Creator of the manga series Yu-Gi-Oh! dies while snorkeling in Japan – police treating it as a possible crime

  • Kazuki Takahashim, 60, was found dead off the coast of Okinawa in snorkeling gear
  • He was found about 328 meters offshore and pulled out of the water, according to media
  • ‘We are investigating the matter as a possible accident or crime,’ officials said

Kazuki Takahashi, author of the popular “Yu-Gi-Oh!” manga series, was found dead after an apparent snorkeling trip in Japan, a coastguard official said Thursday.

The 60-year-old was found off the southern coast of Okinawa on Wednesday and was thought to have been snorkeling when he died.

He was wearing a T-shirt and an underwater mask, a snorkel and flippers, the Nago town official, who requested anonymity, told AFP.

“We are investigating the case as a possible accident or crime,” he said.

Kazuki Takahashi, author of the popular “Yu-Gi-Oh!” manga series, was found dead after a snorkeling trip in Japan, a coastguard official said Thursday

The 60-year-old was found off the southern coast of Okinawa on Wednesday and was believed to have been snorkeling when he died.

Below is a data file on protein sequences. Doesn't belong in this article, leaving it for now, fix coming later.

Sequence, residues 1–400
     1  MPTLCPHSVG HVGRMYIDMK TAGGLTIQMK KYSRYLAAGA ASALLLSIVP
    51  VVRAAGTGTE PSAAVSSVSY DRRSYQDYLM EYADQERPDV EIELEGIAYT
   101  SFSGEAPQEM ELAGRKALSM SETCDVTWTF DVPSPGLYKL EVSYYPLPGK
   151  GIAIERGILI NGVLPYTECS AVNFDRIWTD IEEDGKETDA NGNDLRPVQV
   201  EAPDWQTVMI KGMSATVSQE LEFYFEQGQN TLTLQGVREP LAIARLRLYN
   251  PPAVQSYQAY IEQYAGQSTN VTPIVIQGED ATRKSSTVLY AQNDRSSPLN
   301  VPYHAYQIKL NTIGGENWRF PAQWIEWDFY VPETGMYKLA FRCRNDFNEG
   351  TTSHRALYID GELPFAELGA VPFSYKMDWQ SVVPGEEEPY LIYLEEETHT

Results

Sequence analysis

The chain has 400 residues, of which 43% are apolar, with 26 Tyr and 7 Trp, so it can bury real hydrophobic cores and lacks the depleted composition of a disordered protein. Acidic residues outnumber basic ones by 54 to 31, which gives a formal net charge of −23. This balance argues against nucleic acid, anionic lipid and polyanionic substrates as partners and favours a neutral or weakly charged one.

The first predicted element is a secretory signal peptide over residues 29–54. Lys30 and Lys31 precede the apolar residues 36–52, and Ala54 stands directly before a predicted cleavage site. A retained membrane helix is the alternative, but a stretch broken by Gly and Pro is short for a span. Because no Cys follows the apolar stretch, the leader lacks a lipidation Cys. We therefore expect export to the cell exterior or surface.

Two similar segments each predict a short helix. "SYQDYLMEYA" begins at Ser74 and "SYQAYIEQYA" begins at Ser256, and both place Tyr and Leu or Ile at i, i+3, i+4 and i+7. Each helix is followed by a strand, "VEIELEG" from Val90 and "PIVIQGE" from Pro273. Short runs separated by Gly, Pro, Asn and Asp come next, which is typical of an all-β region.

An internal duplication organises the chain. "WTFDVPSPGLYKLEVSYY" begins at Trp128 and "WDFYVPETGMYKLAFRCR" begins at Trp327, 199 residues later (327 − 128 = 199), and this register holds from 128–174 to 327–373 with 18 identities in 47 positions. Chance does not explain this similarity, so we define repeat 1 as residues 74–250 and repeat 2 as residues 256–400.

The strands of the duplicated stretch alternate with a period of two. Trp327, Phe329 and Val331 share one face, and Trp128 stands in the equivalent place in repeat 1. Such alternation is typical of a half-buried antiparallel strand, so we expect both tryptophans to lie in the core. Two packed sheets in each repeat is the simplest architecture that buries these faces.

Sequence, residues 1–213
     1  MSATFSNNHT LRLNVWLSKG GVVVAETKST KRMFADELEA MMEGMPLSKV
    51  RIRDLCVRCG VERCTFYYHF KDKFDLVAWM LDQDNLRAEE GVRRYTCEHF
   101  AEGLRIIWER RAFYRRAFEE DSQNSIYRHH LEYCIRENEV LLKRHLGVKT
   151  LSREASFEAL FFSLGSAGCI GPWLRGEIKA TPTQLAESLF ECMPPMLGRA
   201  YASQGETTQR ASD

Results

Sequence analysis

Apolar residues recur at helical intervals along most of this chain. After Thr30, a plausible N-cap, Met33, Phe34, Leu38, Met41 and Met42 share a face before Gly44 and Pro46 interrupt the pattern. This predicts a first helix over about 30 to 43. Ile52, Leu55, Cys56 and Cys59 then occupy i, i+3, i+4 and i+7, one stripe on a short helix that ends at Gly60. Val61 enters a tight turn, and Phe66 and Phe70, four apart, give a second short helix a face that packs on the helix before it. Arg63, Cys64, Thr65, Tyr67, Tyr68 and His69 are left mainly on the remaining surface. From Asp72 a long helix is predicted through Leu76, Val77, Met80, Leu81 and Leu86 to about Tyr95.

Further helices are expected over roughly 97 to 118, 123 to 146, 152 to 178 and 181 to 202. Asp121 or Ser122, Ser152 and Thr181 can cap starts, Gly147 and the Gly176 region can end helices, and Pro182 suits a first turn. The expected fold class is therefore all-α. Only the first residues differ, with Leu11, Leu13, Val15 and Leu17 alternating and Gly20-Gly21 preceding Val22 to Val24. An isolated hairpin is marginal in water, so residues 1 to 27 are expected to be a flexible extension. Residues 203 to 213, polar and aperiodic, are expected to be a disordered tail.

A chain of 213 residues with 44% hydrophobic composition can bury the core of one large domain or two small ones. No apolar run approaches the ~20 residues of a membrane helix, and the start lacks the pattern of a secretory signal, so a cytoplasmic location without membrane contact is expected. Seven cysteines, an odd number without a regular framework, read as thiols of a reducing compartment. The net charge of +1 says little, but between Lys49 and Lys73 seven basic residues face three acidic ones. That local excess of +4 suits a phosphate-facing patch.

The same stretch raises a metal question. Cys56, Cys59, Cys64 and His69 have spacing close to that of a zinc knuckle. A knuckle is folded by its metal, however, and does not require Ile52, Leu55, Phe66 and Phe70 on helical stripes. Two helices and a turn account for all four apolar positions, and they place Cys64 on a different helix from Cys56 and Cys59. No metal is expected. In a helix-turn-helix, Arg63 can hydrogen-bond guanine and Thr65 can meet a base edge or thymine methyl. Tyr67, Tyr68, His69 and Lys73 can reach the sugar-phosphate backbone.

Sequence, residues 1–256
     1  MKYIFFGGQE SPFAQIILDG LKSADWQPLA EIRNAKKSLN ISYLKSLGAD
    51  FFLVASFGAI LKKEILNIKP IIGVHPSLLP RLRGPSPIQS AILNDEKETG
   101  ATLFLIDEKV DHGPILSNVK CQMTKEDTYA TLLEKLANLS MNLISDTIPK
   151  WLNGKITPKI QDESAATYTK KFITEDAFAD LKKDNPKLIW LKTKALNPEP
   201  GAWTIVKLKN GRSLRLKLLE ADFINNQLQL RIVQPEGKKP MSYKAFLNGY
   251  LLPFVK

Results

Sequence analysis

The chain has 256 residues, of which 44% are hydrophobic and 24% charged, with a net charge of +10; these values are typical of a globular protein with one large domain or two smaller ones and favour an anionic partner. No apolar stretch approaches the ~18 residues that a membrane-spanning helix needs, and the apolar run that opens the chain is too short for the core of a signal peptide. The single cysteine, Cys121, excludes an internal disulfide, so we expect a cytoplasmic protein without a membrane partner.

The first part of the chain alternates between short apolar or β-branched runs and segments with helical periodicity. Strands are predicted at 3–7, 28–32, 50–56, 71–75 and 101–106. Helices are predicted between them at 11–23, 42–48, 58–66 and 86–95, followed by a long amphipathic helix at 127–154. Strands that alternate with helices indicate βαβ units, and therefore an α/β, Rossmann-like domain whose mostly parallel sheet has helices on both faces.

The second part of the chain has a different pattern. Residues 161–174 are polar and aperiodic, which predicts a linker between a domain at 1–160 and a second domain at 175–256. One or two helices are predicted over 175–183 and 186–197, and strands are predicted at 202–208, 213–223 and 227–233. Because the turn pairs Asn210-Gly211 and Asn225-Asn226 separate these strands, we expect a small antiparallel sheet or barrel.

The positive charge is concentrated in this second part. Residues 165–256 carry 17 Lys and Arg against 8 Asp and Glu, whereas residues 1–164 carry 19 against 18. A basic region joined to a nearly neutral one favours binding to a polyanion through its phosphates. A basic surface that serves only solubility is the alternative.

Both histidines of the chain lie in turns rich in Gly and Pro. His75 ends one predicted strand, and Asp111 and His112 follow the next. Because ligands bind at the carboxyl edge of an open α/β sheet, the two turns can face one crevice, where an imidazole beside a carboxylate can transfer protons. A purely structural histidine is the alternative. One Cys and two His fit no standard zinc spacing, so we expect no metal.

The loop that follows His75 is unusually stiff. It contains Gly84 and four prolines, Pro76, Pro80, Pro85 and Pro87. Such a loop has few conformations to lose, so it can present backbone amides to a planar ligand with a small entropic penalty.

The 60-year-old was found off the southern coast of Okinawa on Wednesday and was believed to have been snorkeling when he died.

Japanese media, including public broadcaster NHK, said Takahashi was found about 328 meters offshore and pulled from the water.

‘Yu Gi Oh!’ was published in the Japanese weekly Shonen Jump between 1996 and 2004.

It told the story of Yugi, a teenager who receives an ancient puzzle that awakens in him the alter ego of an Egyptian pharaoh.

The manga has spawned a media franchise that includes a collectible card game as well as anime series and movies.

It was later published as a 38-book series by Japanese publishing house Shueisha, which issued no immediate statement about Takahashi’s death.

Takahashi wrote under a pseudonym and his real name was Kazuo.

'Yu Gi Oh!'  was published in the Japanese weekly Shonen Jump between 1996 and 2004

‘Yu Gi Oh!’ was published in the Japanese weekly Shonen Jump between 1996 and 2004

The manga has spawned a media franchise that includes a collectible card game as well as anime series and movies.

The manga has spawned a media franchise that includes a collectible card game as well as anime series and movies.

Fans took to social media to commemorate the memory of the man who inspired the international franchise.

‘No matter if you grew up with Yu-Gi-Oh or not, if you only played the card game or only read the manga, if you watched the anime in English or Japanese, we were all brought together by one man passion,” a fan said. “He will always live on in our hearts. This is the lesson he taught us.

Another fan wrote: ‘Yu-Gi-Oh was an integral part of my childhood. Mangas I read in elementary school, animes I watched in the mornings and to this day I have my old cards in my drawer.

“Thank you for bringing this series to life and I hope you know the legacy you left behind.”

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